Pulp mills are undergoing a clear investment boom – A new mill always requires Finnish expertise
After a brief hiatus, enterprises in the pulp industry are now investing billions of euros in new mills. Each pulp mill has a distinctly Finnish touch to it as Valmet and the Finnish unit of the Austrian Andritz are the only enterprises in the world that can deliver an entire mill to the client. This also provides work for thousands of subcontractors. Finnvera plays a significant role as a provider of financing for investments.
Finnvera’s Finance Manager Satu Savelainen says that there are a lot of pulp and paper projects in the pipeline.
“The next large-scale pulp mill will be completed in Chile in 2021. However, there are numerous mill projects in the pipeline, some of them with existing investment decisions,” notes Savelainen.
Savelainen has been involved in nearly all of the major pulp projects in the world in recent years as Finnvera plays a significant role in the realisation of investments. Whenever and wherever a new pulp mill is built, there is always a Finnish machinery supplier involved.
Pulp makers need the help of export credit agencies in financing their projects as the total costs of new mills may rise to EUR 2–3 billion.
“Our guarantee coverage is typically less than 20 per cent of the project’s total costs. In export credit guarantees, we cooperate with the bank in question,” says Savelainen.
Mill construction projects are concentrated in regions where wood is most readily available: South America, Southeast Asia and the Nordic countries. In addition, old mills are constantly modernised around the world.
South America’s trump card is the quickly growing eucalyptus tree, whereas the strengths of northern softwood include its high quality and sustainability.
“Most of our exposure is associated with South America. In financing decisions, a major due diligence area to be assessed before signing the decision is environmental and social issues. We check, among other things, how subcontractors are treated and how occupational safety has been arranged,” explains Savelainen.
It takes years to build a mill
The world market price of pulp has declined from its highest level but Pellervo Economic Research PTT, for instance, predicts that demand for pulp will continue to grow in the next few years, driven by China.
Pulp is suitable raw material for tissue and other hygiene products, cardboard, packaging materials and, in the form of dissolving pulp, textiles. Furthermore, there are hopes that pulp will replace single-use plastic products.
The pulp mill turnkey suppliers Valmet and Andritz believe in growing demand. This can be seen in the order books.
“The construction of a mill is a long process that can last up to five years. Before the actual investment decision, the concept and technology are discussed with the client. The sales process takes 1–2 years. Planning is one of the most critical phases as all changes in the construction phase complicate the project,” says Kari Tuominen, President and CEO of Andritz Oy.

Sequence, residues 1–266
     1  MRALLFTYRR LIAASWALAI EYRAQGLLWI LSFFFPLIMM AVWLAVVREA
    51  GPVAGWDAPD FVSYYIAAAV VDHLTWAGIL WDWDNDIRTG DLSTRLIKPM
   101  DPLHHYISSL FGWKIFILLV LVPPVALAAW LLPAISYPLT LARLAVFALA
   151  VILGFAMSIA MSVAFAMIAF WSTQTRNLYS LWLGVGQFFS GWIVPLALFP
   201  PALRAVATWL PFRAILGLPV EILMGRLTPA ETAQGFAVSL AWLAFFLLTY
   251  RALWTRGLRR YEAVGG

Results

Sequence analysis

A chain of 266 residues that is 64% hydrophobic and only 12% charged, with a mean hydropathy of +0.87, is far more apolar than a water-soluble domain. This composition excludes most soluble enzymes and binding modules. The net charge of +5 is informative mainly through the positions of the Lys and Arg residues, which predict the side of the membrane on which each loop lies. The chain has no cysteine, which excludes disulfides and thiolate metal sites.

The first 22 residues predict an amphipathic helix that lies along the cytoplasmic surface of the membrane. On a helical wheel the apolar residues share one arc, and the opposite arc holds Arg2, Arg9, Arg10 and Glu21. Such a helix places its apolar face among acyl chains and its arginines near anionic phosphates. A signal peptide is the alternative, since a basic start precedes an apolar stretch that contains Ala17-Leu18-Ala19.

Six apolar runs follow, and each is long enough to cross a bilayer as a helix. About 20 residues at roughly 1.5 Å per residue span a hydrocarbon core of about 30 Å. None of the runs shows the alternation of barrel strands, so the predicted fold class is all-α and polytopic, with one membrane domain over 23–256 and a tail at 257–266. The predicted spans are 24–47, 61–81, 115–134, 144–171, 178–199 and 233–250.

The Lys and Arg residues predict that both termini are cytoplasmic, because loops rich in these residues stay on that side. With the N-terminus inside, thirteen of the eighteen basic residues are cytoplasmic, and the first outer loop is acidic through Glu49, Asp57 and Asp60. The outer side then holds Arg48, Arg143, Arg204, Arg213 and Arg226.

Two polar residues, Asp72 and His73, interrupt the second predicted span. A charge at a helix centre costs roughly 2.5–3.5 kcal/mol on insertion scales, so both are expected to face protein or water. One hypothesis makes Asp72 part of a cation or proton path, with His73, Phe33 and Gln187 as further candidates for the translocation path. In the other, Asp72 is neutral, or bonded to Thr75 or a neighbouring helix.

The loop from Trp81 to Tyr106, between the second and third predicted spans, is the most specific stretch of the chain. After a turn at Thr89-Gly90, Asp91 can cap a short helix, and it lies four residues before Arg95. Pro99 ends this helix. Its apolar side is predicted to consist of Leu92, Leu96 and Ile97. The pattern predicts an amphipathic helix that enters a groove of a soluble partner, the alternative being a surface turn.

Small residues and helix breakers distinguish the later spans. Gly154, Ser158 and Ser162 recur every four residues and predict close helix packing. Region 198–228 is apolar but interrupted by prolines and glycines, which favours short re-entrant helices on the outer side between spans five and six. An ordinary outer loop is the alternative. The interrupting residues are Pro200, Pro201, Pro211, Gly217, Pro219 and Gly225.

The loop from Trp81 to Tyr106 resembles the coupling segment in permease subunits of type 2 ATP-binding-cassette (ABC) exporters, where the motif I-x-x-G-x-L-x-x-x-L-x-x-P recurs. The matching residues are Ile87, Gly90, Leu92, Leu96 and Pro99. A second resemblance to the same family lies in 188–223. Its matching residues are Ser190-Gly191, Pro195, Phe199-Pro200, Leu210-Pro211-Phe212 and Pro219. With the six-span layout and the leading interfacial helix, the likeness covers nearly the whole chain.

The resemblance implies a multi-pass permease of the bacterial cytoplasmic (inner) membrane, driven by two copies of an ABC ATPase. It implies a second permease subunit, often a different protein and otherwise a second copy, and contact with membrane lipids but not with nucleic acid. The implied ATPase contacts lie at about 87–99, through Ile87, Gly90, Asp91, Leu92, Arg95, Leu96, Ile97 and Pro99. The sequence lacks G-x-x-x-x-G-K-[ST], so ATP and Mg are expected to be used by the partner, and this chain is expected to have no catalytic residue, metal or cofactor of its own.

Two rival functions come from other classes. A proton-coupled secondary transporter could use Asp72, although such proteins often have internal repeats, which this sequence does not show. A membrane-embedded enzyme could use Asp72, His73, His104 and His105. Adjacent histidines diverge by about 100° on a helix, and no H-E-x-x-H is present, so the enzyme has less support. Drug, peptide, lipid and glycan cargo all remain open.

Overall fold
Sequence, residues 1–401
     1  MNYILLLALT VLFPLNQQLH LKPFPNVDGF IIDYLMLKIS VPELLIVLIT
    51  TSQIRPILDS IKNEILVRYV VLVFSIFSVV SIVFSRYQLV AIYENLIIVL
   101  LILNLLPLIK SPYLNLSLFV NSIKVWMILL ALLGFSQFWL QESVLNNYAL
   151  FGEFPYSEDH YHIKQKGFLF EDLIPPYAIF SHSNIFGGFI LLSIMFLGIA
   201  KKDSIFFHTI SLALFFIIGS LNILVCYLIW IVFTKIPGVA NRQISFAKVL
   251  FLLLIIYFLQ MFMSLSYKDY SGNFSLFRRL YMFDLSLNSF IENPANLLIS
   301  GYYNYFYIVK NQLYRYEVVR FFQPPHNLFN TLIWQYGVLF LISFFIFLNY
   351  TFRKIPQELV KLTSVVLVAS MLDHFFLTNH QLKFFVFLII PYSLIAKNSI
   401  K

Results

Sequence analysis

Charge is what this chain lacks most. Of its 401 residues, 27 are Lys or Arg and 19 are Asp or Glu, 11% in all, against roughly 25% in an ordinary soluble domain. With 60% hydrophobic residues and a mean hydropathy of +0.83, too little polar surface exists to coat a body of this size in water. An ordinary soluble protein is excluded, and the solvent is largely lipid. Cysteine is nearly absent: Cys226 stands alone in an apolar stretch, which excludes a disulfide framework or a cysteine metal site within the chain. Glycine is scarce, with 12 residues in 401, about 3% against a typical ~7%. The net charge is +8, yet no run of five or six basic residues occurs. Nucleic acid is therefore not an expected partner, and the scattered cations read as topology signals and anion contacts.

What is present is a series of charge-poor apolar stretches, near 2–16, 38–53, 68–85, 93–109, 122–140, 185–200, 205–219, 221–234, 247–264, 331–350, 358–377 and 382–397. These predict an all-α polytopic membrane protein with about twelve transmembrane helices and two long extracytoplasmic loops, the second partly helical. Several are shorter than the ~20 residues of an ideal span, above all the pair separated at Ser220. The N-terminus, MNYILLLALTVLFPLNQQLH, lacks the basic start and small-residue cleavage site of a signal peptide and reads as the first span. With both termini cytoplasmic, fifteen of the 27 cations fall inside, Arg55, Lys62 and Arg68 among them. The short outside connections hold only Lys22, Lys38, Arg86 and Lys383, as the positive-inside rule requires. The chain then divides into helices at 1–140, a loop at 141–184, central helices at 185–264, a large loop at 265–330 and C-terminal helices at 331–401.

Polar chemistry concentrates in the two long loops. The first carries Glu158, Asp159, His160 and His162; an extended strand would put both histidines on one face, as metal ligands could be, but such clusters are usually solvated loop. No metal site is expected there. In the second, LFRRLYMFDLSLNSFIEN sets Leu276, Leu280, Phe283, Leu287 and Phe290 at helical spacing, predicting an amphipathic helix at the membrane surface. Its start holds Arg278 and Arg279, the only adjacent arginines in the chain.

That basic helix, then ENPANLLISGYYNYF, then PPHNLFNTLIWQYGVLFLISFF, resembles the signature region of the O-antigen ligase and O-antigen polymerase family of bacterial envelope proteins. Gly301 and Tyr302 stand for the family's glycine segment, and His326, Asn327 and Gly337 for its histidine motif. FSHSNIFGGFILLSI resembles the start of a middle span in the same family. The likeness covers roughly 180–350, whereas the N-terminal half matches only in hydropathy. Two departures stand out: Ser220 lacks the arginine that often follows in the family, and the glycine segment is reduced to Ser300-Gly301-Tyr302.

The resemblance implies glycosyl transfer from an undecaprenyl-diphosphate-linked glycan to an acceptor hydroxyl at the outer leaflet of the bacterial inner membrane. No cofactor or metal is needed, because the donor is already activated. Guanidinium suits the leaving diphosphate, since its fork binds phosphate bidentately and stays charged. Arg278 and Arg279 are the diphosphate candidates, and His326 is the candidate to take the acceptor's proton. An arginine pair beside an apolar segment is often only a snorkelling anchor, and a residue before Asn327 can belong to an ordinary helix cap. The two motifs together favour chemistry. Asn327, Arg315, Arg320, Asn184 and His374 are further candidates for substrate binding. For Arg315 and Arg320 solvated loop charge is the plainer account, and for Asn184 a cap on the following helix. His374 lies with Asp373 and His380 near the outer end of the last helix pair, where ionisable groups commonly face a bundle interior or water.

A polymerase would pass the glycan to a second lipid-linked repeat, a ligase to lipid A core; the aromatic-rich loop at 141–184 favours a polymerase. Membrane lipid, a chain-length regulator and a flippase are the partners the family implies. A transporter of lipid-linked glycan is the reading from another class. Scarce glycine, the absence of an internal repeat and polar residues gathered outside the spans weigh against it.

According to him, the mill delivery time is 2–2.5 years. Purchases from subcontractors are launched as soon as possible. Typically, it takes 6–12 months to achieve the full production level.
The pulp mill turnkey suppliers Valmet and Andritz believe in growing demand. This can be seen in the order books."
Finland has unique expertise
Wood’s journey to pulp consists of many phases, such as the processing of wood, the entire pulp line from pulping to finished bales and the recovery of chemicals. Thanks to automation, all phases form a seamless whole.
In new mills, particular attention is paid to energy efficiency and the utilisation of side streams.
“Managing the big picture is extremely demanding. It is based on the work of thousands of engineers. We take care of the core phases ourselves but we have a network of 10,000 active suppliers,” says Bertel Karlstedt, Valmet’s Business Line President, Pulp and Energy.
Andritz Oy uses approximately one thousand subcontractors, and the entire Andritz Group has a considerably higher number of subcontractors. Both enterprises’ purchases amount to hundreds of millions of euros per year.
It is possible for the client to use expertise from both enterprises as the solutions offered by them are relatively compatible. Karlstedt describes the different elements of a pulp mill as Lego bricks.
“For instance, the deliveries to the Äänekoski bioproduct mill were quite evenly distributed between the enterprises, roughly 50–50,” he comments.
Both Karlstedt and Tuominen find several reasons why Finland has risen to the leading position in the construction of pulp mills.
“We have a long history in the pulp and paper industry. We have believed in the development of the sector and made major investments. Training is absolutely top-notch, and we have great people working for us,” comments Tuominen.
“For Finland, the pulp and paper industry is still the most important export sector. In Finland, the sector, with its various bio product applications, attracts young people, unlike in Germany, for instance, where the sector is not very interesting to them,” Karlstedt goes on to say.
Text: Kimmo Koivikko